Most of you have already heard that on August 21, 2017, the Great American Eclipse will be visible across much of the country when the moon completely obscures the sun. If you’re one of the lucky ones in the total eclipse’s path, here is some great tips from Consumer Reports that explains what you need to know in order to photograph the event.
If you live outside the 70-mile-wide path where you will be able to see the total eclipse that angles across the country from Salem, Oregon, to Charleston, South Carolina, you'll need to plan a roadtrip to catch the total eclipse or simply settle for simply seeing a partial one. If you are not sure, check out this NASA map to help show where the eclipse can be seen.
Be sure you think ahead of time about the ideal backdrop for your photo, because you won't have much time for location scouting on the day of the event. At best, the total eclipse will last 2 minutes and 40 seconds, depending on your location. Try finding a spot flanked by a mountain range, a lake, a stand of trees, or even a great old barn—anything that will add context and character to the snapshot.
Be Prepared To Not Look Directly At The Sun
It is dangerous to look directly at the sun, so in order to view the solar eclipse safely, you'll need special tinted glasses. If you still do not have your safety glasses, you can get your own on Amazon here. According to NASA, they should be certified to meet the ISO 12312-2 international standard and include the manufacturer's name and address somewhere on the product.
You also need a special solar filter designed to block infrared and UV radiation to safeguard your camera. According to the article on Consumer Reports, "The intense magnification through a lens creates a concentration of heat and energy similar to burning a leaf with a magnifying glass," says pro photographer Ken Sklute, who co-authors Canon's eclipse blog. "So choosing to photograph without a solar filter can harm your image stabilization and aperture mechanism, damage the sensor and shutter, and cause permanent eye damage.”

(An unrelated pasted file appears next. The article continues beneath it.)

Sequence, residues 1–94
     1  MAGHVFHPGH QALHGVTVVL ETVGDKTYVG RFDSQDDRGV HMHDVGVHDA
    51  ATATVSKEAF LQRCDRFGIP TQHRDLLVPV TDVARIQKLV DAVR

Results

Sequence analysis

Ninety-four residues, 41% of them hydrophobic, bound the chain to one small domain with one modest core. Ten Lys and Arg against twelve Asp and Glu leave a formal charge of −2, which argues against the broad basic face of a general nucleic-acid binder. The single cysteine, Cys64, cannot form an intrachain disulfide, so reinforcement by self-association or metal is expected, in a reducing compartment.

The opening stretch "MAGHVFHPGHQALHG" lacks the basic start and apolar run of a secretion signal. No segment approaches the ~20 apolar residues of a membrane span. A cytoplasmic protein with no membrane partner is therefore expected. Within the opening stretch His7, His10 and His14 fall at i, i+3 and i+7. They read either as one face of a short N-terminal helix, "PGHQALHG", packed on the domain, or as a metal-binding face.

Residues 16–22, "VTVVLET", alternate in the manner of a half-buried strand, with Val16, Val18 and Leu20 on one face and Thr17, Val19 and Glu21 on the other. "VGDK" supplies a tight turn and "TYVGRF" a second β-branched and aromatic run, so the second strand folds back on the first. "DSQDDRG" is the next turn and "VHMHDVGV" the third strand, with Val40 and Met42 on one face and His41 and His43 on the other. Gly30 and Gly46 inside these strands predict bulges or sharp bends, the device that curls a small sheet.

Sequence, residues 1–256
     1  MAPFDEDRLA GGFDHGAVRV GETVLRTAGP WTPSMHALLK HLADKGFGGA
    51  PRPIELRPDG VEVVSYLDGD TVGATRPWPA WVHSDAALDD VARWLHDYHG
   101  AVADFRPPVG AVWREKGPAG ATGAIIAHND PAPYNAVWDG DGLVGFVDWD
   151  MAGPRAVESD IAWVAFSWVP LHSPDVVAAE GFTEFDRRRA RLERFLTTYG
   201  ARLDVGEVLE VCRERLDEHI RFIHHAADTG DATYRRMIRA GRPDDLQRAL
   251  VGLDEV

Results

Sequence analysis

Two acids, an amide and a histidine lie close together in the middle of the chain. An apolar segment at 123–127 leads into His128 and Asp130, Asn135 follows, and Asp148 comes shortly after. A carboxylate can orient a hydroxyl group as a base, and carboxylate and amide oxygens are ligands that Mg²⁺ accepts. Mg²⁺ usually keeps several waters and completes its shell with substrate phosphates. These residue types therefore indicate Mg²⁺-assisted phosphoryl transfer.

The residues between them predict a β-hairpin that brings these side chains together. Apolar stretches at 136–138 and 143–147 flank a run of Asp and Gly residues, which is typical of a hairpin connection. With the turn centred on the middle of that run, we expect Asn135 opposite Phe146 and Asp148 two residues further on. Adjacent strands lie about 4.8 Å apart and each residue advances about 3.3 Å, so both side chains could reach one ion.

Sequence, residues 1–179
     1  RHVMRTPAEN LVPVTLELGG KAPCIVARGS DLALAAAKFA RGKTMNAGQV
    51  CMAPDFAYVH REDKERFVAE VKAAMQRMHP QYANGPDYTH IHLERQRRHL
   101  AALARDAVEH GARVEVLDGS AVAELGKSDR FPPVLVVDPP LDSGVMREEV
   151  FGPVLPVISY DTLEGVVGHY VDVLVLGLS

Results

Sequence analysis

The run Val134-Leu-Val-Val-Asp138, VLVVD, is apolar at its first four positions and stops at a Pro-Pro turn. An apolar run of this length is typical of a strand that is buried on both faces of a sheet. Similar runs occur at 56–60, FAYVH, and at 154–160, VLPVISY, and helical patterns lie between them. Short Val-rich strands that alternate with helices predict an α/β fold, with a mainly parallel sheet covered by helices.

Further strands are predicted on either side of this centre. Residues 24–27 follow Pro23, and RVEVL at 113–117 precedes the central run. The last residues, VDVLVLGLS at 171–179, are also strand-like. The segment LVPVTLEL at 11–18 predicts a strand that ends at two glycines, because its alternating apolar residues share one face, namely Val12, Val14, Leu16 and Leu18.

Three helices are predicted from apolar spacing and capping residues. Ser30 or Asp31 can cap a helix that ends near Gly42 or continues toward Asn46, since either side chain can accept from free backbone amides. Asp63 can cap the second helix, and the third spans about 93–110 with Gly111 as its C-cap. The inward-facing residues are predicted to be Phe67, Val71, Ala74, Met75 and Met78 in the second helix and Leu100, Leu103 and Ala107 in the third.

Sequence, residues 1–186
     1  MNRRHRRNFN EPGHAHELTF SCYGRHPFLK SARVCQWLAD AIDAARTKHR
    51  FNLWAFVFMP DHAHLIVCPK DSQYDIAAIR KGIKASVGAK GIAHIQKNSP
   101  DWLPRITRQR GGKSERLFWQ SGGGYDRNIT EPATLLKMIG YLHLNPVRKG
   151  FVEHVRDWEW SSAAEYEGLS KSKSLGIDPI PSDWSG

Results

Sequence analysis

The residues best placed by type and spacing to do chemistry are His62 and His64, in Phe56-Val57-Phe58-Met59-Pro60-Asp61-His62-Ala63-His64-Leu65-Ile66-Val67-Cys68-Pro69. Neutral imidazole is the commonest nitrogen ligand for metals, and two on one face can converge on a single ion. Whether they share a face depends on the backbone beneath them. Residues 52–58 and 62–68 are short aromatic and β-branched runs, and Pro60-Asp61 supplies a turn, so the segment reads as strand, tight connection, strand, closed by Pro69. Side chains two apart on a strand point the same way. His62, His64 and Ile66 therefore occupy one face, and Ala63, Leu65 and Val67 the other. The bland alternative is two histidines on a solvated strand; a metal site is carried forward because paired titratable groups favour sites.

Even with a filter on the lens, be sure that you do not view the solar eclipse through a camera's viewfinder... use the device's LCD screen to compose the shot instead.
The Consumer Reports article also states that the one time when it's okay to remove the solar glasses and the solar filter is during totality, when the moon completely blocks the sunlight. Before attempting to do that, though, make sure you know and understand the stages that lead up to that phase, said Artur Pietruch, who handles the digital camera testing in the Consumer Reports labs.
Use The Right Equipment
It is best to use a an interchangeable lens camera, something like the Canon EOS Rebel T5i or the more advanced Nikon D7200 just to name a few. You also want to make sure you have a tripod with you so you can be sure to not have any camera movement while snapping your shots. Remember that you are not going to have a second change so you want the shots you take to be the best you possibly can.
Find The Right Exposure Settings
Since the eclipse happens so fast, be sure to take some time beforehand to experiment with exposure settings so you can capture the perfect shot.
Photojournalist Babak Tafreshi says, "Since there is not a bright light source for a digital camera to focus on, you can't use auto focus so you should turn on the manual focus instead, and set it to infinity. Now turn off the camera's flash. It won't help you."
As the sky darkens, be sure to test various exposure combinations to find the right balance between aperture and shutter speed so you save yourself from a frantic guessing your settings during the actual eclipse. For a solar eclipse, a setting between f/8 and f/16 is ideal, depending on the shutter speed you've selected.
If you take photos of the eclipse, be sure to show us your great work! If you have one that stands out from the rest, submit it to us so it can be considered as one of our photos of the week. You can read more about the submissions guidelines in this post here.
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